March 31 – April 2, 2023
Photos by Paul Piazza and Jana Coyle
The ninth annual WinterWonderGrass Tahoe took place recently and as expected, the event was a raging success.
This excellent music festival, which features unique winter mountain ambience, hours of beer tasting as well as fun for music lovers of all ages took place in early April as an outdoor event at Palisades Tahoe (formerly known as Squaw). And this year, due to an uncommonly huge snowpack, many took advantage of the outstanding ski and snowboarding conditions on the looming mountain. During the festival this year, it wasn’t uncommon to see people walking around the festival in their ski boots, having just gotten off the mountain.
And that hustle off the ski mountain was understandable because there was often time to go somewhere and change with all of the great music going on at once. The big headliners this year were Greensky Bluegrass, and Trampled by Turtles. All three were great, but as is usually the case, there were many magic moments in the tweeter tents, where one could choose from a trio of musical acts in three separate large tents.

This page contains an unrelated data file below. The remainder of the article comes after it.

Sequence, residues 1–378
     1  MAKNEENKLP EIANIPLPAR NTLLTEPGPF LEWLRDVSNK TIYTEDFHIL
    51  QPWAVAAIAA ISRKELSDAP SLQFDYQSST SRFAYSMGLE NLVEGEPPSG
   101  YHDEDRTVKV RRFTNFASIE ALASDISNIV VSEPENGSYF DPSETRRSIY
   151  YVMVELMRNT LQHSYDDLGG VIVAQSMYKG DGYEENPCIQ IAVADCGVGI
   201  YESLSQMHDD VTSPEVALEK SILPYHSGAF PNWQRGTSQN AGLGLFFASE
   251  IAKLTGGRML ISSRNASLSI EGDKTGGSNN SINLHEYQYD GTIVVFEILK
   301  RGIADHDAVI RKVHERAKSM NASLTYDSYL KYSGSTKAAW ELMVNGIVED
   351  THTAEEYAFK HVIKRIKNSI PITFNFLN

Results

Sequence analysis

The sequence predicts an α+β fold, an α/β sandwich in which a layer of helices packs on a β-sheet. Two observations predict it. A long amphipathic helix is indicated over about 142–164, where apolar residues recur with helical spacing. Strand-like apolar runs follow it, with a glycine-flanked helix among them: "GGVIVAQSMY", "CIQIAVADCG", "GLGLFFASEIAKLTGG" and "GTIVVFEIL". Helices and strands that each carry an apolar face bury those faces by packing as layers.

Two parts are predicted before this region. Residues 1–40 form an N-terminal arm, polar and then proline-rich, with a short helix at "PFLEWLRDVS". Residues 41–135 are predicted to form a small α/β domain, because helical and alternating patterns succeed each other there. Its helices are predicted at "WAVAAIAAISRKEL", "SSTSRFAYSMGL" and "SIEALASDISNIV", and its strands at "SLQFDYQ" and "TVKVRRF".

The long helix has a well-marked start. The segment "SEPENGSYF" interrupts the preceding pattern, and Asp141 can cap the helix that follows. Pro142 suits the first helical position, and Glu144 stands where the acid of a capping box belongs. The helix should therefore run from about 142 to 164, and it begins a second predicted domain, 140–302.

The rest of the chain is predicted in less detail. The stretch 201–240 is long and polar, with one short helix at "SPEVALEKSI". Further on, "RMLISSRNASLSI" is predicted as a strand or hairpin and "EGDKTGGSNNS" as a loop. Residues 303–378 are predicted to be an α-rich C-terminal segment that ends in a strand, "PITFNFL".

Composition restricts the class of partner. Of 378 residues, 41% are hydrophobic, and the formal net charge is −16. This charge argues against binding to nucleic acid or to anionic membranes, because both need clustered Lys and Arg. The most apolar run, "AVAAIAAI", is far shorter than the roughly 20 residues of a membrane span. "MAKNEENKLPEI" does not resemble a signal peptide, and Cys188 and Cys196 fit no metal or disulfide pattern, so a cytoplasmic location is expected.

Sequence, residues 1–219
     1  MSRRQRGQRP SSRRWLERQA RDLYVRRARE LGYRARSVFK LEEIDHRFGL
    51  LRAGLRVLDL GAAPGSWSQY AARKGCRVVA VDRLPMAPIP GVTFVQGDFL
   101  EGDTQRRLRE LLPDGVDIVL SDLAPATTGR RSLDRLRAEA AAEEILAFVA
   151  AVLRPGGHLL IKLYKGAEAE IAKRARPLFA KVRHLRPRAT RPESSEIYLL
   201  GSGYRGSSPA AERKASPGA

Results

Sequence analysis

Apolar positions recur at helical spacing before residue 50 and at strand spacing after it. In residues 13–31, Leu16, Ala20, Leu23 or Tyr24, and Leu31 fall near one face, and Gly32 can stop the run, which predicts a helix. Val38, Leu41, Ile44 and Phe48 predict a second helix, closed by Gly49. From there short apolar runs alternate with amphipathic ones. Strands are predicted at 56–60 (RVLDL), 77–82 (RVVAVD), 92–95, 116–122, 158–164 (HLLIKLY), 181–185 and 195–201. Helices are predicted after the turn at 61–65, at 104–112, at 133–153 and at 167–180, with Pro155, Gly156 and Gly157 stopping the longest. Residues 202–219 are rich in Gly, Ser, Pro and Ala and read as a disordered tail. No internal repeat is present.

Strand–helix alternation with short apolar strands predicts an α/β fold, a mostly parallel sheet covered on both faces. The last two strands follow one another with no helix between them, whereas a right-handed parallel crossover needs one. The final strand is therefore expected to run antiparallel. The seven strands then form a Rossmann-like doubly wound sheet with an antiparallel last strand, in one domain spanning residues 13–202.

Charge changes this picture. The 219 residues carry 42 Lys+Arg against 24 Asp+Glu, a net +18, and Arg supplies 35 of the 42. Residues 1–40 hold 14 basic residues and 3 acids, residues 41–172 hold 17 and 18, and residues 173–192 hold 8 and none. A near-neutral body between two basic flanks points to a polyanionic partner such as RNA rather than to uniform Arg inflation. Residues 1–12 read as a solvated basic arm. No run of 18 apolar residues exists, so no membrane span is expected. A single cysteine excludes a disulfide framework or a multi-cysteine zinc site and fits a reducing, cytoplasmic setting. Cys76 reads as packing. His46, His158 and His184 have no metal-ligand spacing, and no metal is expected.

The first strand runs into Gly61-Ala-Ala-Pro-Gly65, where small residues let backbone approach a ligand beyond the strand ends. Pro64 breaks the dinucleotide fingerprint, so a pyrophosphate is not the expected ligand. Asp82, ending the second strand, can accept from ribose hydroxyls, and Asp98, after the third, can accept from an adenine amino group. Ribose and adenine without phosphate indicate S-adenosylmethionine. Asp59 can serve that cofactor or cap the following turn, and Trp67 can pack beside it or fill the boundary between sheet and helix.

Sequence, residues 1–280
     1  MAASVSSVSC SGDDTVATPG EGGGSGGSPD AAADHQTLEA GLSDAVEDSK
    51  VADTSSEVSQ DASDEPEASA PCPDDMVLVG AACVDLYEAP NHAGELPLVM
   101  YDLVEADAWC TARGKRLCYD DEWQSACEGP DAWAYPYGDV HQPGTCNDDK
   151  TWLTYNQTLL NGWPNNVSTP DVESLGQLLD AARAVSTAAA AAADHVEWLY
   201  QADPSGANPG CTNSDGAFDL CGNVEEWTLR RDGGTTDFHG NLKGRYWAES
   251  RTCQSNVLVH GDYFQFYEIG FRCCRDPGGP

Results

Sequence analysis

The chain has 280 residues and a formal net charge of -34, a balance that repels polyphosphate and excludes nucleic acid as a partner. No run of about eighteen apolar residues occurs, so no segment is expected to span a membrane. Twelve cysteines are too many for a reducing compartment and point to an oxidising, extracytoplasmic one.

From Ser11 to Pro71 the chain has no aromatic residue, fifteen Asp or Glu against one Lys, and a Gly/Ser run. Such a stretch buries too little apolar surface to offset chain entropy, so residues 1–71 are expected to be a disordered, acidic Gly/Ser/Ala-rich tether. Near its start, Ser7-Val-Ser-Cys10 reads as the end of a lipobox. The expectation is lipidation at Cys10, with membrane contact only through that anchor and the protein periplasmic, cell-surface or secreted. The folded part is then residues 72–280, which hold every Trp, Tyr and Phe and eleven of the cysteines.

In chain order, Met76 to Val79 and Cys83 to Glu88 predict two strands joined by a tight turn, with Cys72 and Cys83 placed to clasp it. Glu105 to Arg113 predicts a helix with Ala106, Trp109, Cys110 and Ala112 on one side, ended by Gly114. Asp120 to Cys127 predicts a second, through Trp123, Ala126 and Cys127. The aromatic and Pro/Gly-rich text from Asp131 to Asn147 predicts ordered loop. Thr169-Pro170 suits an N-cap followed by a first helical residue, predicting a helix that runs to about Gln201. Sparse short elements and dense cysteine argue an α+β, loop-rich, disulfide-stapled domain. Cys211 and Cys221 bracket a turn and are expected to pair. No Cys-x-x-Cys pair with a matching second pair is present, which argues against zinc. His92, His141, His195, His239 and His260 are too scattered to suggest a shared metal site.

A.J. Lee and Blues Summit seemed to play the most sets of any band this weekend and the hardworkingyoung band were great in all of them. Cris Jacobs kicked off his first set of a pair of sets with some swampy wizardry on a cigar box guitar and then was joined by Fruition’s Jay Cobb during the same set and in a later set by A.J. Lee. Many other great musical happenings occurred on the trio of small stages were played including great ones by Pickin’ on the Dead, Della Mae, and The Sweet Lillies.
One of the things that makes this festival unique is that it doesn’t primarily focus on bluegrass music. There were sets by Neil Francis, whose music could be described as psychedelic rock and r&b. Then there was The Main Squeeze, a powerhouse funk act that rocks, as well as The Lone Bellow who delve into indie folk and even gospel.
But for bluegrass, it doesn’t get much better than Molly Tuttle & Golden Highway, the contemporary traditionalist, who recently won a Best New Artist Grammy for the record Crooked Tree, or regional favorites like The Brothers Comatose and the Dead Winter Carpenters.
Regardless of the genre, this year’s version of the annual event could be summed up as a smash hit. Many are already looking forward to the tenth anniversary next year.